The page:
Last month, in a Financial Times feature about all this, came a remarkable quote from a partner at Health Advances, a Massachusetts-based tech consulting company. Wearables, he reckoned, would be only one small part of the ensuing story: just as important were – and no guffawing at the back, please – “bedside devices, under-mattress sensors, [and] sensors integrated into toilet seats”. Such inventions, it was explained, can “get even closer to you than your smartphone, and detect conditions such as depression or heart-rate variability”.
Fitbits and toilet sensors represent one aspect of the so-called Internet of Things. Aided by 5G technology, tens of billions of devices – cars, cookers, heating systems – will soon be connected. In theory, it will not be very hard to cross-reference, say, people’s alcohol consumption, exercise rates and friendship patterns – not to mention their medical records – and then either nudge or strongly push their lives in supposedly beneficial directions.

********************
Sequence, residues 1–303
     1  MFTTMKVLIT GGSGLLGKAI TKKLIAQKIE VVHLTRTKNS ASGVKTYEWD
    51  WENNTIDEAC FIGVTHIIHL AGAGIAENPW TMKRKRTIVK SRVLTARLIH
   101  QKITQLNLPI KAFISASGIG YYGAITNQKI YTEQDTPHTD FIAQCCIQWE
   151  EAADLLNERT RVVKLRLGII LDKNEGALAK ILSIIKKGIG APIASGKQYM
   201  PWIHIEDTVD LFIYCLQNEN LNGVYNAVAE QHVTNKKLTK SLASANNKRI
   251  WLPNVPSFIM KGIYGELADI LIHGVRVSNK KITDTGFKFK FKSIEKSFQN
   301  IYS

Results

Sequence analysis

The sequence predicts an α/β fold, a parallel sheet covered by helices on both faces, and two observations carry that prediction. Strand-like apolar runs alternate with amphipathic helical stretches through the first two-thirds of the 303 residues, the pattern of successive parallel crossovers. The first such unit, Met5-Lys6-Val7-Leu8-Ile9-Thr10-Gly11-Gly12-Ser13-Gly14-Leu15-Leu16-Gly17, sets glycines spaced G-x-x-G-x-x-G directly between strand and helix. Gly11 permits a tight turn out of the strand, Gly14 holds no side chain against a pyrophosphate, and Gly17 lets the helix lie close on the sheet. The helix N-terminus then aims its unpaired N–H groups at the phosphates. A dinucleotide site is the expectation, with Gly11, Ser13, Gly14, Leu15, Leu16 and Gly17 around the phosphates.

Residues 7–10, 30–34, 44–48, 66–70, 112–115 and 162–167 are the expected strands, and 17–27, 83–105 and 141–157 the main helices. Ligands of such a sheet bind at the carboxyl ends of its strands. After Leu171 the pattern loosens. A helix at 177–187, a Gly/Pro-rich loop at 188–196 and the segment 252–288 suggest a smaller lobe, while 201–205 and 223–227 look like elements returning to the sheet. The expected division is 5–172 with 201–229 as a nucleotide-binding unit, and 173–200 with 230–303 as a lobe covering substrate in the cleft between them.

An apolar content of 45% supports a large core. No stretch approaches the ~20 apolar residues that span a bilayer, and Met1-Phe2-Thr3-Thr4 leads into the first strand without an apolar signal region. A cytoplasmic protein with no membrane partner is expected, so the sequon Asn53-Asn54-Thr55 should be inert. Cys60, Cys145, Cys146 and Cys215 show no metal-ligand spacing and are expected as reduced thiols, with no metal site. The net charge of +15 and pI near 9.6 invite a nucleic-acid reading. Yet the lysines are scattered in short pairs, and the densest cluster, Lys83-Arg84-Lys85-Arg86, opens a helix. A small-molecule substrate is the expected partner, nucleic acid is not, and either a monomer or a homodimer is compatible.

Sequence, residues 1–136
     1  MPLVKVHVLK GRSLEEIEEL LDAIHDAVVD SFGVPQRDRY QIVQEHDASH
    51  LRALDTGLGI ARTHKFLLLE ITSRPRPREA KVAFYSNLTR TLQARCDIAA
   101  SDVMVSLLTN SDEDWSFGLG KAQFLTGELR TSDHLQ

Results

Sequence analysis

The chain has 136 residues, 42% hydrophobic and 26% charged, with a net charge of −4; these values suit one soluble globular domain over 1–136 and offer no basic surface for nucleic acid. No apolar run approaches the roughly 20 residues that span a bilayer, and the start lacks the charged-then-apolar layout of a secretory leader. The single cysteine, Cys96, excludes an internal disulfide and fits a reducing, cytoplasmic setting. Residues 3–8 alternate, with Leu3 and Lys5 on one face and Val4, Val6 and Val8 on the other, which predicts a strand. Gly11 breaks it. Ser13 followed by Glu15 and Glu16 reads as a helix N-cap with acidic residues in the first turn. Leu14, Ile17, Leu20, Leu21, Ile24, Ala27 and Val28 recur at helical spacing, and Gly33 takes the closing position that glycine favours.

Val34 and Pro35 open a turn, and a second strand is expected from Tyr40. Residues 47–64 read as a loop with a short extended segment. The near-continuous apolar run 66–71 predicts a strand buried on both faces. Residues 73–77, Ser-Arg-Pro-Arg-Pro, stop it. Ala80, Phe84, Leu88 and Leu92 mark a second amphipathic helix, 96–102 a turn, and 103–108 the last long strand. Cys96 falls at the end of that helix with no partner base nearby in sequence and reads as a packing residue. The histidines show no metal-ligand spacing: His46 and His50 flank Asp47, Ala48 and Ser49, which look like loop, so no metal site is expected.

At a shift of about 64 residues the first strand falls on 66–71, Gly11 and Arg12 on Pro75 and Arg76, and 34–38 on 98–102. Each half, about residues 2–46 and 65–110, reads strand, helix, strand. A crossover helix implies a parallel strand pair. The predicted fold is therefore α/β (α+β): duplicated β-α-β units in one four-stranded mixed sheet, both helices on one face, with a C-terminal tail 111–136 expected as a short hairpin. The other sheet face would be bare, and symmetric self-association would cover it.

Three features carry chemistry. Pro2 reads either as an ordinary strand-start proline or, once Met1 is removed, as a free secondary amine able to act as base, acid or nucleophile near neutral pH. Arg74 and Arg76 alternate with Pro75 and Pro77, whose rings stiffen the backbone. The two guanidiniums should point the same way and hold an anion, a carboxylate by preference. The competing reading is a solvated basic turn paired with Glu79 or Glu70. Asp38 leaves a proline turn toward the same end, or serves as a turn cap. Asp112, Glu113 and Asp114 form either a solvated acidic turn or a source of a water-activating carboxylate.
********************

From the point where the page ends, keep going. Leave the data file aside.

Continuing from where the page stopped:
Essentially, all the health care devices your physician recommends you use, as well as all the prescriptions you’re supposed to take, will soon be monitored and analyzed at a very precise level (most likely in real-time). And then, depending on how well you follow directions, your insurance premiums and deductibles will adjust accordingly. Of course, outside data of your lifestyle choices will also go into this calculation and decisions about getting future treatment. But hey… the pitch is that you will live longer while participating in (or should we say surveilled by?) corporate/government run healthcare. At some point you’ll start wondering: Who owns my body?
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